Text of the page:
Wed 5 May 2021 2:29PM

Worker Coops v Employee Ownership

SBH Simon Ball (Blake House) Public Seen by 165

Maybe worth a discussion about the recent proliferation of employee ownership trusts and their promotion.

Broadly, I can see them as a kind of 'better' alternative to trad business organising, but am finding myself becoming more and more mystified as to why they get roped together with worker co-ops (and indeed dominate the 'start a worker coop' page on the coops uk website - bizarre).

Do we have any resources that can be pushed as an alternative to employers who want to hand over the keys? Presumably with furlough ending soon there may well be a deluge of companies that may find worker co-op conversion appealing.

Maybe we need to have something in place to counter all of this employee ownership cash/propaganda?

Is there something already in place?


John Atherton Wed 5 May 2021 3:01PM

Yes, worth discussing. Just for info our policy officer is holding a series of meetings with the worker co-op council to raise understanding across all sides, get some shared views and discussion going. As people would expect there are a lot of nuances to this and different ways of looking at it.

For me you can break the conversation down in two ways, the first is about use of language/ brand of using terms like worker co-op or employee owned actually means, and how we define them and clearly for some audiences worker co-ops sound too radical. whole conversation here I'm sure we will get into.

The second is about the legal model used of Employee Owned Trust and something we should separate out.

I believe, co-ops should see legal models as just tools and you use different ones in different circumstances, as long as they dont compromise on principles. My understanding is, nothing stops you from baking in full 1m1v democratic ownership and control into the EOT model it just works slightly differently. The issue is most practitioners who understand that model or clients asking for it aren't shown a co-operative version.

I'd like to get to a position as with LLP's, companies and societies where we have a fully co-op complaint EOT model for co-ops. That way if for whatever reason it is the right tool, we have a co-op version. But equally if it isn't the right tool we are confident in promoting LLP's, companies or societies.


Nathan Brown (Co-op Culture) Wed 5 May 2021 3:17PM

You're right @Simon Ball (Blake House Coop) . we need to do more to sell the worker co-op option for buyouts but maybe not as "oppositional".

Just to back up what @John Atherton has said, the use of Employee Ownership Trusts is often about how the process of the "deal" to buy out the business from the owner is structured rather than the final organising form. It's often about tax efficiency and a staged process of the transfer of ownership.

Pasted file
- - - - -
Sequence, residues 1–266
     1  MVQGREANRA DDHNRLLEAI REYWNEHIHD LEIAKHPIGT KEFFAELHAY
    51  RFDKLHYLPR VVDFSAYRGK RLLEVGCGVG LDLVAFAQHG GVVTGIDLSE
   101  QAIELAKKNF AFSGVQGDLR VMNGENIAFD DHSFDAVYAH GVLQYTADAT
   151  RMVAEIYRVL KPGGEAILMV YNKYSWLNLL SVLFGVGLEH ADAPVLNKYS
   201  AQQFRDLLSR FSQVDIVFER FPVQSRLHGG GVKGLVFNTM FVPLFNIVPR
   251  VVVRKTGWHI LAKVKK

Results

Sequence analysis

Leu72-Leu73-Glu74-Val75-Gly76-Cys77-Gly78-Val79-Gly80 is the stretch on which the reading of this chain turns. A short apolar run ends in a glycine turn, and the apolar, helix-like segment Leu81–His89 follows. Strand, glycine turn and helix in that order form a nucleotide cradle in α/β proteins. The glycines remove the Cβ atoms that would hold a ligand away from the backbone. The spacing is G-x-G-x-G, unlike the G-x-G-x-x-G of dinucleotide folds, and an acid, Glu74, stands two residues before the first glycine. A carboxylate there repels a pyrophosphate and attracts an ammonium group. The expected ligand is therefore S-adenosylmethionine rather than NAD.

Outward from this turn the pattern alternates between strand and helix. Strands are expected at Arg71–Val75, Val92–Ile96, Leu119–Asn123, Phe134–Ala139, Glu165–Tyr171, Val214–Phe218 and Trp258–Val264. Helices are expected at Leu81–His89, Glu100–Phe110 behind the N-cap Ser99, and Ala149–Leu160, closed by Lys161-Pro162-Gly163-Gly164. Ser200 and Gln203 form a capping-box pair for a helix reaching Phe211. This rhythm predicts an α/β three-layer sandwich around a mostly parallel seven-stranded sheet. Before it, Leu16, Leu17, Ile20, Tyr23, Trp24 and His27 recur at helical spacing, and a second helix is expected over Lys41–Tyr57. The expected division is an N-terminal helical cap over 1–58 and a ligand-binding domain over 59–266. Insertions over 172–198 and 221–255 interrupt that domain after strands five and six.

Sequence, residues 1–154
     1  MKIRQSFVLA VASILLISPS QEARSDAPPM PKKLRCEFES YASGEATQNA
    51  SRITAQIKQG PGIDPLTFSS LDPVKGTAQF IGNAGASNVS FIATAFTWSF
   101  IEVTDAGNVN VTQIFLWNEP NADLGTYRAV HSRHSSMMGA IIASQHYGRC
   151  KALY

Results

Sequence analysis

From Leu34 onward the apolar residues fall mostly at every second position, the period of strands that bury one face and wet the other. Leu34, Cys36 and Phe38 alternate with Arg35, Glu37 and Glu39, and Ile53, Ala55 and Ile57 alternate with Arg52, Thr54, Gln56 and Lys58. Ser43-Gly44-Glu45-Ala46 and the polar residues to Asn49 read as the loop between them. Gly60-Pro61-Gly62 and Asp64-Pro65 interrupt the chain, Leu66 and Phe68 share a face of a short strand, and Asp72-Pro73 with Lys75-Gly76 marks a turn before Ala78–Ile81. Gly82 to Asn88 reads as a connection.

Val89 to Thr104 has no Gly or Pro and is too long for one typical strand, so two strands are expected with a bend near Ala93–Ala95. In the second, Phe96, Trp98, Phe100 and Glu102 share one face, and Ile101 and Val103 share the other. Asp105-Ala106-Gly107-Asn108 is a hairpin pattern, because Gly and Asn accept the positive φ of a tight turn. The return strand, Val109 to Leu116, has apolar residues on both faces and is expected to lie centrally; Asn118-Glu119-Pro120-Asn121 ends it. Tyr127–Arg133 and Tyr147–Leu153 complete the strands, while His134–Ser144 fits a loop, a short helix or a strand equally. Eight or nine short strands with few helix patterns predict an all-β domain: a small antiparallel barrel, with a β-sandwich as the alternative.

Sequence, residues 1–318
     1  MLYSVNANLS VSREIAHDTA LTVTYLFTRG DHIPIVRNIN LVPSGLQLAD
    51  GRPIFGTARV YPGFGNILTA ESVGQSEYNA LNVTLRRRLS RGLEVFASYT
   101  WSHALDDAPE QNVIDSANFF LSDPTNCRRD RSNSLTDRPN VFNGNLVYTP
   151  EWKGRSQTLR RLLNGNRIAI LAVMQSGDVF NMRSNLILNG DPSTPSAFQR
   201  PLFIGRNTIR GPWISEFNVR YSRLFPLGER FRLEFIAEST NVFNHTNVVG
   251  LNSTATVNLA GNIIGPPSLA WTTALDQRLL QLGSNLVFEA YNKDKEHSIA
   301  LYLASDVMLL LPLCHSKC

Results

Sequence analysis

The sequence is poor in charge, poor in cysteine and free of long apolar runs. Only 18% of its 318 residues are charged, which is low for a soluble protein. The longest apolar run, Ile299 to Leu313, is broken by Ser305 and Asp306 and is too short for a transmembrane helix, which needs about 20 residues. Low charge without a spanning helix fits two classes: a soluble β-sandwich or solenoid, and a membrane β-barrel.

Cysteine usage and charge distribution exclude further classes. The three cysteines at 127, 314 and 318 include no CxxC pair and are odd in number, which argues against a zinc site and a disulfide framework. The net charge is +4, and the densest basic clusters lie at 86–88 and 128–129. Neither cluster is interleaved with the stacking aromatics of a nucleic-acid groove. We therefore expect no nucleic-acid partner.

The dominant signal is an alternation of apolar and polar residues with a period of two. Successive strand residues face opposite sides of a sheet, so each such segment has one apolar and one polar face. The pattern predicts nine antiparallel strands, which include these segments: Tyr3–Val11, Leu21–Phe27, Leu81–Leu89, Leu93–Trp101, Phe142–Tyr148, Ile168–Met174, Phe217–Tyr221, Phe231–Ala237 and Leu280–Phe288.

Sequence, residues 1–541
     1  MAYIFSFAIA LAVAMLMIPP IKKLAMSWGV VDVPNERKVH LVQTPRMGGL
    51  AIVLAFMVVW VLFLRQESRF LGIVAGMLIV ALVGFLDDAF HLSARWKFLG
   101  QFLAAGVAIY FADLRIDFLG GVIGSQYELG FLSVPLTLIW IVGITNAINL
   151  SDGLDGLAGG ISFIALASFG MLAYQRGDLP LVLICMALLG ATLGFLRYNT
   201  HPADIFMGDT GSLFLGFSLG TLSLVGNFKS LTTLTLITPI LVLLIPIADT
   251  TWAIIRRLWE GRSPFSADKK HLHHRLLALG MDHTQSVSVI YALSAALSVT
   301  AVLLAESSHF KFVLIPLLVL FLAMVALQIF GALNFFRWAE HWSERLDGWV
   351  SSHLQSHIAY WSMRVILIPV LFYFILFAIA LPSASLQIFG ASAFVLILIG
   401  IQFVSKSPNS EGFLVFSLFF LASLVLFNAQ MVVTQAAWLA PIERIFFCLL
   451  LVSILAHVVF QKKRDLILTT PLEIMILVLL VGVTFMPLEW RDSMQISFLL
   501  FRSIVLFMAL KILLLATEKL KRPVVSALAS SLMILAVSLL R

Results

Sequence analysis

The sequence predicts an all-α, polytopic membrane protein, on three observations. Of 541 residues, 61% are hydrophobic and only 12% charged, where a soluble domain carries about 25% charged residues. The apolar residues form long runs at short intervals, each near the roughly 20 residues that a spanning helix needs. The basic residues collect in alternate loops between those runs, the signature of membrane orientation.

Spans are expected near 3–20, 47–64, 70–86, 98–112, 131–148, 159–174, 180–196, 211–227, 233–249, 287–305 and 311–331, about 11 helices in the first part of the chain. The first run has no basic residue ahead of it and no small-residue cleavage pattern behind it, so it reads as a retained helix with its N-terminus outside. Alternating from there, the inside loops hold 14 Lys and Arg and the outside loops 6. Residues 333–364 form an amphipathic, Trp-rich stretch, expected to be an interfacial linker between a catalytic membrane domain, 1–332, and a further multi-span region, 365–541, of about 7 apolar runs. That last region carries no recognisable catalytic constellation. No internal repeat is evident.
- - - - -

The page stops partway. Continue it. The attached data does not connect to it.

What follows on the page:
As John says, the advisors working with employers often don't know about co-op options. If you're an employer and you want to sell up you speak to your accountant first, then maybe a lawyer depending on what they say. So, there definitely needs tyo be greater awareness among advisors. Hopefully something in the Co-operatives UK strategy.

The choice of worker co-op vs what amounts to a management buyout funded by the employees can be as much about how the workers/workplace is organised (there is demand for a worker coop answer to this problem) as the employer choosing a particular model because they are paying for the advice. They are cashing out. They want to know whether they can get a good price for their business. In some instances they care about the company name/legacy or employees who have shown them loyalty/impact on the community of closure. Whether this is through a co-op or an employee ownership trust that isn't a co-op may not matter to them if they are presented with a range of options that meet their preferred outcomes equally.


Simon Ball (Blake House) Wed 5 May 2021 3:38PM

So, do any co-op developers have resources that deal with this issue that other co-ops can begin to promote? If not, maybe it's worth bringing up a SF proposal so that we can develop these resources in advance of furlough ending.

I guess I'm a bit simple in that for me a worker co-op is a worker co-op by agreeing to practice co-op values and principles - do all employee ownership trusts do the same? I couldn't find any mention of co-op values and principles in the Ownership Hub prospectus pdf.


bob cannell Wed 5 May 2021 8:32PM

As MarkS once said the jam is the coop and the jamjar is the rules. If you have a jar that does not permit the jam to be cooperative, it doesnt matter what it says on the label. It isnt a coop and therefore cannnot be a workers coop.
Ive researched EOTs for many years, and VME in great detail. (VME is the new one that claims to be a bona fide worker coop and is currently being considered for membership by CoopsUK).
We have uncontested criteria to use,t he International Cooperative Alliance declaration/definition says a cooperative is "an autonomous association of persons united voluntarily to meet their common economic, social, and cultural needs and aspirations through a jointly-owned and democratically-controlled enterprise."

An EOT is a business owned by a Trust, a legal entity, which has as its purpose the benefit of specific beneficiaries. The beneficiaries of an Employee Ownership Trust are the employees, the John Lewis model. The Trust is controlled by trustees who decide what and how the beneficiaries benefit. Trusts are private. Their controlling documents are private. The Trust Register is not accessible by the public (the Tories did that because so many trusts are used for tax avoidance.) In many cases we cant even know who the trustees or beneficiaries are